But the sector that is booming today is search as an adjunct to e-commerce and one company that is behind many of the new search-enabled sites is Endeca.

Jody Goodall is head of research and development for Trader Media, owner of Autotrader, the UK's leading car marketplace magazine and Autotrader.co.uk website that receives about one billion impressions per month. Like many others in the commercial media sector, Autotrader has seen its revenues and profits swing from physical to digital and it is using Endeca's software to maximise the stickiness and profitability of its site.

"We can throw everything into Endeca to see relationships between what we are doing and sales, and ensure we don't go down negative paths or zero-view indexes," Goodall says.

"It's scary because you get this lens sometimes on things you don't want to know. We know that the Aston Martin DB9 has been more viewed more times than the number of models that have ever been made and that there is a nine million audience drop during Top Gear."

On the plus side, Goodall can gain instant insights into what search criteria users are employing, create breadcrumb trails of their visits and see where and why customers' searches go cold, or where to place related contents and other objects.

For Omar Haque, a senior IT consultant at RS Components, a UK reseller of electronics products and parts, Endeca offers the chance to let customers find obscure SKUs.

"ERP and mainframe aren't where the value is," he says. "It's at the edge, not at the heartbeat. It's ‘How do you find the resistor in the haystack?'"

Similarly, a third Endeca customer, Shop Direct, is using the firm's tools to help it transform from a predominantly high-street and catalogue retailer to a multi-channel force.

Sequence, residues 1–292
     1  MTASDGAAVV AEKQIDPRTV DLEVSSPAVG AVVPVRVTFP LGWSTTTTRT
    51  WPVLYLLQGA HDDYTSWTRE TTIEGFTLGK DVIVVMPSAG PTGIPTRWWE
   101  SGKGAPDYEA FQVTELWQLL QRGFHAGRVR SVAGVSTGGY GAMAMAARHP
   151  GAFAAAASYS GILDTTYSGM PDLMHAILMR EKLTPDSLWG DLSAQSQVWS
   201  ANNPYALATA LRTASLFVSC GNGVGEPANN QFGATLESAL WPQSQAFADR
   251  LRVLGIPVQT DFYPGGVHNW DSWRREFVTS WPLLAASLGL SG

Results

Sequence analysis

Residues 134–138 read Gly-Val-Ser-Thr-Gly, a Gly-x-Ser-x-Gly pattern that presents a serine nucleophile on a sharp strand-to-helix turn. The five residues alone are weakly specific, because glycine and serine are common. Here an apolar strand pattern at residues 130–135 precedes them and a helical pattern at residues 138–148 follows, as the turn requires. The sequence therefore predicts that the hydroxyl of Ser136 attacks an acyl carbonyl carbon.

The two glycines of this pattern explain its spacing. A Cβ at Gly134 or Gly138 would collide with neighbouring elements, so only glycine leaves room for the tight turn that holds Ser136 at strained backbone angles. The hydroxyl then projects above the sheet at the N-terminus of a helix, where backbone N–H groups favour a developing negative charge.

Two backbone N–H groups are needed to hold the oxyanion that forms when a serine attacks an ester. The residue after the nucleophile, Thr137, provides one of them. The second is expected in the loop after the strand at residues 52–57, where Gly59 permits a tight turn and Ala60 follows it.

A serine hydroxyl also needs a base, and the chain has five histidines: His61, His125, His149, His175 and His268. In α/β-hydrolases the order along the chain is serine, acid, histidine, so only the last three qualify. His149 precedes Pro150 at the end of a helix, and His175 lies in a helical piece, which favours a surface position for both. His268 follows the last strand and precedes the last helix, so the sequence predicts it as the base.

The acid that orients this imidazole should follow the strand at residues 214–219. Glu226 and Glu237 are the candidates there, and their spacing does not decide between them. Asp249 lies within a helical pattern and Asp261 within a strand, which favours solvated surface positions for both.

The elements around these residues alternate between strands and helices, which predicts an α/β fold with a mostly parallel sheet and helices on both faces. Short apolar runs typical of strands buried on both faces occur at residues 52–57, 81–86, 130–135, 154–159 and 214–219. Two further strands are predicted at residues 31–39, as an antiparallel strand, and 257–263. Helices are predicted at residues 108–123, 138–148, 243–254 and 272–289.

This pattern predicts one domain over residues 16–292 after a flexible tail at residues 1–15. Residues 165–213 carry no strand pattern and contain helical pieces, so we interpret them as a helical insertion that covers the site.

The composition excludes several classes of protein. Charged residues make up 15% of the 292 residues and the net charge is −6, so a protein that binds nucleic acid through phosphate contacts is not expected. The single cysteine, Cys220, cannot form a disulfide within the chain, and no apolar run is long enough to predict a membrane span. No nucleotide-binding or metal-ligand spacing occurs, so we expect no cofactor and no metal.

Endeca chief strategist Paul Sonderegger says the firm offers a way to "change the way companies compete in a way regular people can understand".

Spying an opportunity, Google late last year launched a hosted enterprise service called Commerce Search, arguing that it could help retailers provide up to 10 times better conversion rates than the current three per cent.

Footwear seller Birkenstock USA said the service had improved satisfaction ratings. "Bounce rates have decreased and we're seeing more return customers,' said Jeff Kilmer, Birkenstock's COO.

"The search results are ultra-fast, so customers more easily find the specific products they're looking for. We deployed quickly and easily, and we've seen dramatic conversion improvement since implementation."

However, newer players are also making their presences felt in areas that impinge on the customer-facing enterprise search sweet spot. Fredhopper of the Netherlands has built a $5bn business in just 10 years with customers including Clarks, B&Q, Jessops, Toys R Us and House of Fraser.

But the search sector continues to transform and no company better exemplifies its mercurial nature than Autonomy.
"Regulation and litigation remain search drivers and we're seeing a lot more on e-commerce so companies understand what people are interested in and what they're trying to buy rather than just relying on the old keyword box," says Nicole Eagan, chief marketing officer, pointing to the John Lewis site as an example.

Rich media search is also becoming more important. "It's associated more with consumers but we're hearing CIOs asking ‘what are the effects of You Tube and Tweets on my brand?'"

Audio and video evidence is also increasingly being called up as evidence ion e-discovery processes, for example from voice calls and WebEx meetings and search could even play a part in anticipating broader trends.

"We're helping CIOs identify patterns in information graphically for example through call centre enquiries and trading data. You could argue that search could have prevented the banking crisis..."